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Ross

posted August 30, 2007 at 8:39 pm


Scot
I rather liked this quote from John Webster posted by Michael Bird on his blog Euangelion:
“The only historical Jesus there is is the one who has his being in union with the Son of God who is eternally begotten of the Father. Those who pore over the gospels searching for another Jesus (whether their motives be apologetic or critical) pierce their hearts with many pangs, for they study a matter which does not exist.”
I completely agree that we have to make sense of Jesus in his historical context, but I think that maybe we have swallowed the demyth stuff so much that we think that we cannot talk about the Jesus we now worship in relationship to the person who lived in Palestine 2,000 years ago and vice versa.
If the person we worship now has any connection with the historical Jesus, then that surely must have implications for our study and understanding of the historical Jesus – if you see what I mean!
By leaving the Divine Son of God at the door of historical study we are a) being cowards and b) being dualists.



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Scott M

posted August 30, 2007 at 8:53 pm


The test was interesting. My image of Jesus isn’t particularly similar to my self-image at all using that scale. I noticed a number of the questions were the introvert/extrovert sort of questions and other categories that were fairly easy to see. It makes me curious what sort of correlation they are finding through the survey.
The most shattering thing I learned about Jesus that was made real to me (or incarnated for me) through the gospels (and through a number of Christians unknowingly undoing the work of other Christians)? That he was not simply a divinized man, avatar, or other manifestation of a god, but rather the trustworthy God (big ‘G’ vs little ‘g’) who took on our whole experience so that we could actually know and relate to God. The most “shattering” thing for me was ending up in a place where I found I not only believed these stories were true but that I could trust this God revealed in Jesus of Nazareth.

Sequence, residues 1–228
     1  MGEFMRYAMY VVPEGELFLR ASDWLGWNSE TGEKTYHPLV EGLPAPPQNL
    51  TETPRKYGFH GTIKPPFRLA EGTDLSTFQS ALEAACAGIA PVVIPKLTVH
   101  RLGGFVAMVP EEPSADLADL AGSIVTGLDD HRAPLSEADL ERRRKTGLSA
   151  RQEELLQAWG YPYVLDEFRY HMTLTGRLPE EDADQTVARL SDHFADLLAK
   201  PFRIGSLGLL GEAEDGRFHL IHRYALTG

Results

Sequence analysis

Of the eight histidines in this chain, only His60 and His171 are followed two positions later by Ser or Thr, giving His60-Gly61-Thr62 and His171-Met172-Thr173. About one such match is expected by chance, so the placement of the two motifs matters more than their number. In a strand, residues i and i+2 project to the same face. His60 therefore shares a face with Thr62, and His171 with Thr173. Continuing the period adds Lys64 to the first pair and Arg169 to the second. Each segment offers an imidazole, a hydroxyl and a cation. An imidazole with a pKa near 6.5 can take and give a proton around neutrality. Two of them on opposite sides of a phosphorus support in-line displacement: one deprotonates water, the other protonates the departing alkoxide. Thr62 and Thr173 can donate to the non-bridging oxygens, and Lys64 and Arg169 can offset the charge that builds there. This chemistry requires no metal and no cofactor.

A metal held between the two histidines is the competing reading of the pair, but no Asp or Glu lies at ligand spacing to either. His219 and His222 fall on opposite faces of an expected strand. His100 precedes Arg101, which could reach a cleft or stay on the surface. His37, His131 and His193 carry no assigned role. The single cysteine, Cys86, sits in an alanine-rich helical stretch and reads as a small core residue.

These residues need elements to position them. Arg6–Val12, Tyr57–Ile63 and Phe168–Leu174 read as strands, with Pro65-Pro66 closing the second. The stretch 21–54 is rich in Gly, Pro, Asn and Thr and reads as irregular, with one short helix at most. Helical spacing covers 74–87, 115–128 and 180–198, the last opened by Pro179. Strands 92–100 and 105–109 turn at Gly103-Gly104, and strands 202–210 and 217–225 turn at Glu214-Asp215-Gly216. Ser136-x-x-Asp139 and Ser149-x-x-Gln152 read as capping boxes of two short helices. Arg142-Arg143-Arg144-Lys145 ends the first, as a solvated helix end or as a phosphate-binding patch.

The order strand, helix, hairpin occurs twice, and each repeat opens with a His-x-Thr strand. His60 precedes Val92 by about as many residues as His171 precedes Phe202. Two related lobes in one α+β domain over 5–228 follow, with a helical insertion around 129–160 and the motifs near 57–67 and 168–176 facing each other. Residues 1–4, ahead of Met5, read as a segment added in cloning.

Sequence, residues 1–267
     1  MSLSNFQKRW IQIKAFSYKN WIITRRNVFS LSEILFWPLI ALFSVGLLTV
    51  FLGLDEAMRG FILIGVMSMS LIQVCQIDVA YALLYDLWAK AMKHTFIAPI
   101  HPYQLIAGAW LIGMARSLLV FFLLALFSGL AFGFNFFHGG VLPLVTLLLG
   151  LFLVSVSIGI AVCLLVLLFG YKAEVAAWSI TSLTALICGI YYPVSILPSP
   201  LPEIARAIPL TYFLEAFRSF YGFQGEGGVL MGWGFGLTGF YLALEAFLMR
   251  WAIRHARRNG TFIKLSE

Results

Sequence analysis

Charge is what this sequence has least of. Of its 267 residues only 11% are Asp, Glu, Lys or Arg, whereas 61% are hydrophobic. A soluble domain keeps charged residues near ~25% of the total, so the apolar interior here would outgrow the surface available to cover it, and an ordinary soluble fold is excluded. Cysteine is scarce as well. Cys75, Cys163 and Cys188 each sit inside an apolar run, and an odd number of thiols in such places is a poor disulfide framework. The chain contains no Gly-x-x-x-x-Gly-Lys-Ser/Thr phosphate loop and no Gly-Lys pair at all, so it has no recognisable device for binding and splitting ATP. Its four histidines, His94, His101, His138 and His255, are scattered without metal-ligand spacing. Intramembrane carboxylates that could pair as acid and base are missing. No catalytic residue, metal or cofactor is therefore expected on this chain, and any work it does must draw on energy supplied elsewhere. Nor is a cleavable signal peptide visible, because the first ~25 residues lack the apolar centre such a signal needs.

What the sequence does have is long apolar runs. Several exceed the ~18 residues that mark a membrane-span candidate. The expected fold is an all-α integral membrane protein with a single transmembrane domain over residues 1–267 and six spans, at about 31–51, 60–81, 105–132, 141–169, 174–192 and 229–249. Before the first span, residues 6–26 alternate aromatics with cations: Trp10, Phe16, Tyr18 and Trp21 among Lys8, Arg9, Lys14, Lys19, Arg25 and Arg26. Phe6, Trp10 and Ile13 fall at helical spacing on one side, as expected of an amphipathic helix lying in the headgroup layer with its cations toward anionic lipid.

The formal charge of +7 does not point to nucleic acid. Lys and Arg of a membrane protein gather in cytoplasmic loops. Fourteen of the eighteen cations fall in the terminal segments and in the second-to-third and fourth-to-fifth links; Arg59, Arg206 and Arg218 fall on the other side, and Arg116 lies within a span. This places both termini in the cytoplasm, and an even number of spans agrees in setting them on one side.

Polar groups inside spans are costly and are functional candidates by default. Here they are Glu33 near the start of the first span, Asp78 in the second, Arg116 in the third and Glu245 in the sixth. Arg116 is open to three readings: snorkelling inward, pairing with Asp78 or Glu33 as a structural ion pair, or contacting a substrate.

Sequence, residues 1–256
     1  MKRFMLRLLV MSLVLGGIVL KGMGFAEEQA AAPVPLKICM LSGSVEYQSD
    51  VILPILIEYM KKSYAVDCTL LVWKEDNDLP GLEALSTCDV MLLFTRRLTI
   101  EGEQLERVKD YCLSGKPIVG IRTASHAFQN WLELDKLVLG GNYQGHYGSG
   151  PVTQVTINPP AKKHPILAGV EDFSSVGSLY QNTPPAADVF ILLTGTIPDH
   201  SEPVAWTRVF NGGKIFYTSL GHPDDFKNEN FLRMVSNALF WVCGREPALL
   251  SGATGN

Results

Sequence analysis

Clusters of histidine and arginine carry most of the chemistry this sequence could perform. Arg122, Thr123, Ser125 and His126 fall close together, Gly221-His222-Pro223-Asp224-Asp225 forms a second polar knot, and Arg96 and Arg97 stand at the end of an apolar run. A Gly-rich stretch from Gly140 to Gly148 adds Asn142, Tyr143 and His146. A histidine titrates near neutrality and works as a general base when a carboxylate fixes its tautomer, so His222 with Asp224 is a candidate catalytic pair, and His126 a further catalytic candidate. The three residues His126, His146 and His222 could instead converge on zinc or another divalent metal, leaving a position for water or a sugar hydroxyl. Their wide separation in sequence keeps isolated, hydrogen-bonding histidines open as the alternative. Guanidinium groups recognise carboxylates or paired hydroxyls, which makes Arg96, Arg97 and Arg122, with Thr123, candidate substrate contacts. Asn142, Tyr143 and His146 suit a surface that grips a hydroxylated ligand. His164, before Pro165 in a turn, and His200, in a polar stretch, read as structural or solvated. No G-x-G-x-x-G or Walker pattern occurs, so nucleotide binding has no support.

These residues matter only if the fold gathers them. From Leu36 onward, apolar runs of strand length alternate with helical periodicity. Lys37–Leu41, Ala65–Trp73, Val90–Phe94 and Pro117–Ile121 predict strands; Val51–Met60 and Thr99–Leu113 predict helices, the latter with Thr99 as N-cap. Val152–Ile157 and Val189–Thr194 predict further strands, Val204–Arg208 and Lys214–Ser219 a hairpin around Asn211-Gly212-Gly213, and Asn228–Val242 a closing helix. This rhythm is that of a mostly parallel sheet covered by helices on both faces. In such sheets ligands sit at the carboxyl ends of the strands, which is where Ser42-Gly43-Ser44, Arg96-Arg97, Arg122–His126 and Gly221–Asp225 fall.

Since I danced around Christianity and slid into it from such an odd angle, I didn’t have a bunch of the odd preconceptions a lot of Christians seem to have. And I didn’t tend to adopt them. So there has been nothing shattering in that way. We had Jewish friends and neighbors growing up, so I always thought it was weird that people didn’t talk about or treat Jesus as though he was a good Jewish boy long before I ever heard of Wright or any of the others. I’ve always been interested in history, especially ancient history, so it was natural for me to turn to the history of the place and time to better understand the setting of the gospels, though I keep learning more all the time, it seems. And I suppose my experience with other sacred writings had taught me not to simply read for information, but to actually try to meditate on the writings and allow them to shape me.
And I’ve always spent much of my time in the Gospels. I don’t often open my Bible without turning to at least one of them for at least part of the time. I do remembered being surprised when I discovered that many Christians did not seem to try to understand everything else in our Scripture through the lens and illumination of the Gospels. I still think that’s odd. After all, if we hang everything on him — as our label for ourselves implies — shouldn’t Jesus be the center through which everything else is understood? And in Scripture, he seems to me to be most present in the Gospels.



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Scot McKnight

posted August 30, 2007 at 8:56 pm


Ross,
I think you’ve confused “historical Jesus” with the real Jesus. The historical Jesus is a construction by historians, on the basis of evidence sifted by methods, and limited to say only what can be seen in that evidence.
I’m in agreement with Webster’s statement in this sense: the Jesus of any value for the Church is the Jesus of the Church, as long as the Jesus of the Church is challenged by the Jesus of the Gospels.



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RJS

posted August 30, 2007 at 9:19 pm


Scot,
Problem is that a lay audience will nearly always confuse “historical Jesus” with the “real Jesus” and interpret statements in the media and books along these lines – that in the “historical Jesus” we have now gotten to the “real Jesus” or as much as can be known about the “real Jesus.” And – most historians won’t challenge that assumption.



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Scot McKnight